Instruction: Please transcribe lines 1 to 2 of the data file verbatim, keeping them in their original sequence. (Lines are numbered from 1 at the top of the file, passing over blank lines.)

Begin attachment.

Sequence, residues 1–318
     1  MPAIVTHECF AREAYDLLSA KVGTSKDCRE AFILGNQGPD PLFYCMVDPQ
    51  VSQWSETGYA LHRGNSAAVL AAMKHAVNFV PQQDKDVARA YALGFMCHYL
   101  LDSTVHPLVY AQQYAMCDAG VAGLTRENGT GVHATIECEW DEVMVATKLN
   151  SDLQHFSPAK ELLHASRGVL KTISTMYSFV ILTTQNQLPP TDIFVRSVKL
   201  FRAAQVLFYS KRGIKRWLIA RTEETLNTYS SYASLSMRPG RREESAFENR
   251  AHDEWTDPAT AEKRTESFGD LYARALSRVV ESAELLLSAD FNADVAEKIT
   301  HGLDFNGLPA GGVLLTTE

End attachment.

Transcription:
Sequence, residues 1–318
     1  MPAIVTHECF AREAYDLLSA KVGTSKDCRE AFILGNQGPD PLFYCMVDPQ